not represent the major risk for human exposure. Finally,
another aspect that is currently absent in the literature is
the importance of CNT physico-chemical characteristics in
their biodegradation, although, as major determinants of
CNT toxicity, one can imagine that these characteristics
might largely influence CNT biodegradation as well .
We therefore developed a study dedicated to characterize
the biodegradation of MWCNT by macrophages, as a
function of three major physico-chemical properties in regard
with nanotoxicology; their length, degree of
functionalization and their iron-based catalyst residual content . To
achieve our aim, we synthesized, following a dedicated
initial process, four MWCNT specifically devoted to our study
and differing in length, and that were functionalized to
concomitantly modify their surface chemistry and/or iron
content (Additional file 1: Figure S1): S-CNT (short), SF-CNT
(short and functionalized), L-CNT (long) and LF-CNT
(long and functionalized), functionalized CNT (SF- and
LFCNT) having a different iron content from their
nonfunctionalized counterpart (S- and L-CNT) (Table 1). The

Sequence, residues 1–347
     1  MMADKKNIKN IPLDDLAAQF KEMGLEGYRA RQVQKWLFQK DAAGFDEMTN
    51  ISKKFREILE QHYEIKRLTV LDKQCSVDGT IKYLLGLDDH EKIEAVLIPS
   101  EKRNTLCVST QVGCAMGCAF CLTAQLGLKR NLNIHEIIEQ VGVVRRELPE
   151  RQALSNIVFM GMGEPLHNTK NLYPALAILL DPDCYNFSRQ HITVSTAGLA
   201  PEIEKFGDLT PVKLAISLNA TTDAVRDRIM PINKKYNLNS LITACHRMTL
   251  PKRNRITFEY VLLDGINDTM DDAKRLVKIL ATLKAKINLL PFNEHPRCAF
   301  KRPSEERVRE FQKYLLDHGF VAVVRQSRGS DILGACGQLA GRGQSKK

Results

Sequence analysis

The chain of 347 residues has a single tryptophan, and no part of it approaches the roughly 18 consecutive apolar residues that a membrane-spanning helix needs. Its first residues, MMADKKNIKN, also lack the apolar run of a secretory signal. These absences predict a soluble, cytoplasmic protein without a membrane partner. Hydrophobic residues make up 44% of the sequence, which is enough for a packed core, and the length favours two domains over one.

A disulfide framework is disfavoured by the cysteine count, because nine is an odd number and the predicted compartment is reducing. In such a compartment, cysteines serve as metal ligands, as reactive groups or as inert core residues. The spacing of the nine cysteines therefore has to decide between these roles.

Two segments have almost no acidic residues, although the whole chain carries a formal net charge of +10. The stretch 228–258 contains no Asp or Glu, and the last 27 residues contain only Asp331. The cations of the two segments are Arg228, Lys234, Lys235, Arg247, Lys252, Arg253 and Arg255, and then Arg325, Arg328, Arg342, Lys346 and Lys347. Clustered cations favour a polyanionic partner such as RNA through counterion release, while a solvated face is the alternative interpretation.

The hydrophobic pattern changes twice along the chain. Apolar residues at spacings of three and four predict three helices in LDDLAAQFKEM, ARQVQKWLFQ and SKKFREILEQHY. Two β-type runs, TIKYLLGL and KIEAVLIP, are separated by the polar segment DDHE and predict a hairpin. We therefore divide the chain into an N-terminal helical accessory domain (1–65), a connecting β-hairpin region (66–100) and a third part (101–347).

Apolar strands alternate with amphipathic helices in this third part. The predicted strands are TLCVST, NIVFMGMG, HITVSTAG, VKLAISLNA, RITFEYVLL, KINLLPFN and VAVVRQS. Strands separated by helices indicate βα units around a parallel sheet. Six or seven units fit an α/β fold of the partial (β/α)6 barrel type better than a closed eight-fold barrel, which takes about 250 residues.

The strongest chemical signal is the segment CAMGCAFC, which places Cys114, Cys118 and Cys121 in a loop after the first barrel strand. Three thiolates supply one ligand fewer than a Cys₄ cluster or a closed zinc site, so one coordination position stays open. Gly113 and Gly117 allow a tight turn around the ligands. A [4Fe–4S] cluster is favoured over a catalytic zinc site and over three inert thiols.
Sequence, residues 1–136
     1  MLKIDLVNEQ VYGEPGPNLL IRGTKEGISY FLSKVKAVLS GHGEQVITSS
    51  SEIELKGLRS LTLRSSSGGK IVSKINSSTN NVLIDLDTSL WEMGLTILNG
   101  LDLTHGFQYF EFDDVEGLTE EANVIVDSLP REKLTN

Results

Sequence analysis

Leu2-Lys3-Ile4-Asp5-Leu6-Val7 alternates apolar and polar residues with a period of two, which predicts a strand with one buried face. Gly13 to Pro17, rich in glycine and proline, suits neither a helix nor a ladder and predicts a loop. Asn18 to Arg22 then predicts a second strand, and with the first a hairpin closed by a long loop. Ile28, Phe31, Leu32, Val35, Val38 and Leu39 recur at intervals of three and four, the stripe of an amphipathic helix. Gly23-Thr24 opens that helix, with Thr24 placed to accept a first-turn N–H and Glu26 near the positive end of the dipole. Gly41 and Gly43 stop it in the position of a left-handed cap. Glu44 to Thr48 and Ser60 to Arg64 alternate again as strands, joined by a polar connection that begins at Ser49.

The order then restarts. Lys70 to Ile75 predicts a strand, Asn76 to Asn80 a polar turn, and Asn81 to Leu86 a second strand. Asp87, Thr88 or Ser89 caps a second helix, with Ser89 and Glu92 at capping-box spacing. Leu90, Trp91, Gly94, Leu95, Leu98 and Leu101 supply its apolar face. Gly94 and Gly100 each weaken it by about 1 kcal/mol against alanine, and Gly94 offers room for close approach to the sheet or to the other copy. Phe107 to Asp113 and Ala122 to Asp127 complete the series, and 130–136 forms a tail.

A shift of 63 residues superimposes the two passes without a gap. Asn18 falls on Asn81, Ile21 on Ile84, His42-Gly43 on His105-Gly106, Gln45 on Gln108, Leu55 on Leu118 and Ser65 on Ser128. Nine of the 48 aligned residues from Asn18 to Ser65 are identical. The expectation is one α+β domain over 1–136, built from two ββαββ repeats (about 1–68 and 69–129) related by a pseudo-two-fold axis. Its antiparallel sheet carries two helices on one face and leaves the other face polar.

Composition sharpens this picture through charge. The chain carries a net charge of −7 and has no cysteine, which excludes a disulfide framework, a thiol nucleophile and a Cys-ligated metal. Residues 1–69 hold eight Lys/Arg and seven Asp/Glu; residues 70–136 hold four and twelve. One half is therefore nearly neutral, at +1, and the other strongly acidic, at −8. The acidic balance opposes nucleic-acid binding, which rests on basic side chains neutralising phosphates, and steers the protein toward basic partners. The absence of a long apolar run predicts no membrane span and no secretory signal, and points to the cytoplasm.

biodegradation of these CNT was addressed in RAW 264.7
murine macrophages in vitro, by the mean of Raman
spectroscopy performed on CNT recovered in cells, after 3
different exposure time points; 6, 24 or 48 h. Moreover, as we
recently demonstrated that pH could be an important
player in the fate of CNT inside cells , we also
investigated the role of pH in CNT biodegradation process. Our
results demonstrate that MWCNT can be biodegraded
inside macrophages, in a time-dependent manner, via an
intracellular pH-dependent biological mechanism. The
modulation of CNT length and functionalization,
concomitantly resulting in the modification of iron accessibility,
both represent critical determinants of the biodegradation
The main physicochemical characteristics of CNT,
deduced from the comprehensive analysis presented below,
are summarized in Table 1. Transmission Electron
Microscopy (TEM) and Optical Microscopy (OM) images of
the initial CNT carpets are presented in Fig. 1a and b.
TEM observations showed that all CNT batches
contained iron-based particles either attached at their external
basis and encapsulated in carbon sheets, or mainly
entrapped inside their hollow core (Fig. 1a). The four CNT
batches showed similar mean external diameter (Table 1)
and distribution (Fig. 1c); neither the shortening nor the
acidification treatment modified the external diameter of
the samples. Mean length was measured at 1.7 and 1.6 μm
for S- and SF-CNT respectively, and at 6.4 and 9.2 μm for
L- and LF-CNT respectively (Table 1). Length distribution
Table 1 Characteristics of the CNT
Iron content (TGA), mean (weight %)
Intrinsic ROS production, mean ± SD